Shortly before he was fatally gunned down by members of a law enforcement drug task force, Ventura County rancher and reclusive millionaire Don Scott was contemplating the purchase of a $50-million yacht.
"His last major trip was to Tahiti where he bought some paintings 15 years ago," said longtime friend and family attorney Nick Gutsue of Los Angeles, who was planning to join Scott on a global cruise.
Now, at the age of 61, he was contemplating selling his beloved 250-acre spread, Trail's End Ranch, in the Santa Monica Mountains about one mile from the Los Angeles County line, and buying his own personal luxury liner, "The Other Woman," docked at a European port.
The cruise would have been a crowning touch for Donald Peatling Scott, whose idiosyncrasies were widely known in the Malibu community, but whose background was shrouded in legends and myths.
But it was not to be.
Just before 9 a.m. a week ago Friday, a drug task force made up of Los Angeles County sheriff's deputies, U.S. Drug Enforcement Administration agents, National Park Service officials and others drove swiftly through an open ranch gate on Mulholland Highway in Malibu.
Kicking up dust, the caravan of more than a dozen cars and unmarked utility vehicles careened down a rutted dirt road past giant oak trees on land where Chumash Indians once lived.
Armed with a search warrant containing information that Scott was believed to be illegally cultivating marijuana plants, the deputies restrained his wife and burst into the rustic wood and stone ranch house's living room.
There stood the wiry Scott, barefoot, clad in a T-shirt and jeans, a .38-caliber revolver held in his right hand over his head as deputies ordered him to drop it.
As Scott brought his arm down, two deputies opened fire at close range. One of the .9-millimeter bullets missed, crashing through the living room wall. But two found their mark, hitting Scott in the upper chest and killing him instantly.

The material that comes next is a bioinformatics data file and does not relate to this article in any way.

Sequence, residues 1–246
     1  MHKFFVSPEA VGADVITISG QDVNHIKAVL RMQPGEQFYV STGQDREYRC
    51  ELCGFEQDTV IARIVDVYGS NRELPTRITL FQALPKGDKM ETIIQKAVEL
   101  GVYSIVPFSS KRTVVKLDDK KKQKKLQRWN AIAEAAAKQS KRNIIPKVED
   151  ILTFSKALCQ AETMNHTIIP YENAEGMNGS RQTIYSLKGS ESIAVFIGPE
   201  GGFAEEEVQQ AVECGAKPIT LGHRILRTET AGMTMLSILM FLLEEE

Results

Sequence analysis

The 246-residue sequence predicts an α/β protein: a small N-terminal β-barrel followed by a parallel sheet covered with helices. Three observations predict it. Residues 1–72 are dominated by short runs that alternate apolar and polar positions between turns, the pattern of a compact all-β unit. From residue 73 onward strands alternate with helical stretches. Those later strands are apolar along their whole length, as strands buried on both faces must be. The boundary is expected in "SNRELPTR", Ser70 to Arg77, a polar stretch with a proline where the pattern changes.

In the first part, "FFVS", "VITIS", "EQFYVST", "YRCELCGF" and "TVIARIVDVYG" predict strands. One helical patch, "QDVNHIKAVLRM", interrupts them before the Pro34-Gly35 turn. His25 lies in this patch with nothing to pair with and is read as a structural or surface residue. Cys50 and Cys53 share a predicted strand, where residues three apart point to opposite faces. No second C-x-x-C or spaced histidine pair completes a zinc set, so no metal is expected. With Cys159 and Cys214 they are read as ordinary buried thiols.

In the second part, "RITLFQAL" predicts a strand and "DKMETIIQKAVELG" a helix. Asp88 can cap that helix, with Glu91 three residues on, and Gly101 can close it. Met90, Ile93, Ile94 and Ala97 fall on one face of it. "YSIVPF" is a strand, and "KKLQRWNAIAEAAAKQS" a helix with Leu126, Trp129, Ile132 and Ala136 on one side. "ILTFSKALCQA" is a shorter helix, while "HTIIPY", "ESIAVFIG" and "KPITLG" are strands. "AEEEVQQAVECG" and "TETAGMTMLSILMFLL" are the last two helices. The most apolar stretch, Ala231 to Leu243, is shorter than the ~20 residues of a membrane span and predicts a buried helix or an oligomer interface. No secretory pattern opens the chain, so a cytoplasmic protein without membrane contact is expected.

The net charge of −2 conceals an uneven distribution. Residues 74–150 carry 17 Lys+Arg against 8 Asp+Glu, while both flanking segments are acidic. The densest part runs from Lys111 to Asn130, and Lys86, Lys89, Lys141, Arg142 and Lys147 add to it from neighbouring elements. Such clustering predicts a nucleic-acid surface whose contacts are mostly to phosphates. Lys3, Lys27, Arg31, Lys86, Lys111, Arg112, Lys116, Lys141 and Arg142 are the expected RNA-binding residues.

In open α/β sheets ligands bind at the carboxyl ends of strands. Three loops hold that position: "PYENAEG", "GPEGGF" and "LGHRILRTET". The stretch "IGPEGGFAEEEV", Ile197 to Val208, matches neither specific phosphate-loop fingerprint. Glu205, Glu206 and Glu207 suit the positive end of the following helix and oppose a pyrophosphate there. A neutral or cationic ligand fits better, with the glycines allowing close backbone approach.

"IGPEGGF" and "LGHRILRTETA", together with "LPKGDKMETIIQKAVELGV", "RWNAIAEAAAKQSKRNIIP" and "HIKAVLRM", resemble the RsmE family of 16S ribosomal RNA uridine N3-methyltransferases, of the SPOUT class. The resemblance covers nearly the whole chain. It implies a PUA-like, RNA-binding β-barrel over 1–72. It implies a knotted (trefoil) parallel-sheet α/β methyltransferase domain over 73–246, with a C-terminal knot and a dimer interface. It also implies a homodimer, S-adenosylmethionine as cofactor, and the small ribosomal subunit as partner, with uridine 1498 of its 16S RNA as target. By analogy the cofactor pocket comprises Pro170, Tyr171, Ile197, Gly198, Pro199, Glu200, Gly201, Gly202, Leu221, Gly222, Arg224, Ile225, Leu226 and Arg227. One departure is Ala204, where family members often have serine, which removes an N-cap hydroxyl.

Deputies searched Scott's property for hours after the fatal shooting, but not a single marijuana plant was found.
Gutsue believes that Scott could have been taken alive and said that a wrongful death suit will be filed.
A separate investigation of the fatal shooting is being conducted by the Ventura County district attorney's office.
Pending the outcome, those who knew Scott best were left last week with their memories of one of Malibu's most colorful characters.
Scott, who was educated in Switzerland and who spoke fluent French, loved to stand by his ranch gate, alongside his souped-up 1977 GMC utility truck, and talk at length with neighbors about subjects ranging from politics to the stock market.
He was not one given to braggadocio.
When he said he knew California Sen. Alan Cranston, indeed, he did know the Democratic lawmaker's family, Gutsue said.
When he complained about the stock market's gyrations, he was talking from a position of knowledge as a man who held millions of dollars worth of International Business Machines Corp. stock, Gutsue confirmed.
His family's fortune was made largely from an interest in a European-based chemical company, his lawyer said. And before that there was a sizable family nest egg passed on by his grandfather, who sold a concoction called Scott's Emulsion, which that enjoyed great sales.
Even the 52-year-old Gutsue, who will be executor of Scott's estate, does not yet know how wealthy his friend was.
"I just found $1.3 million in a New York bank account," Gutsue said. "It was from his mother's trust."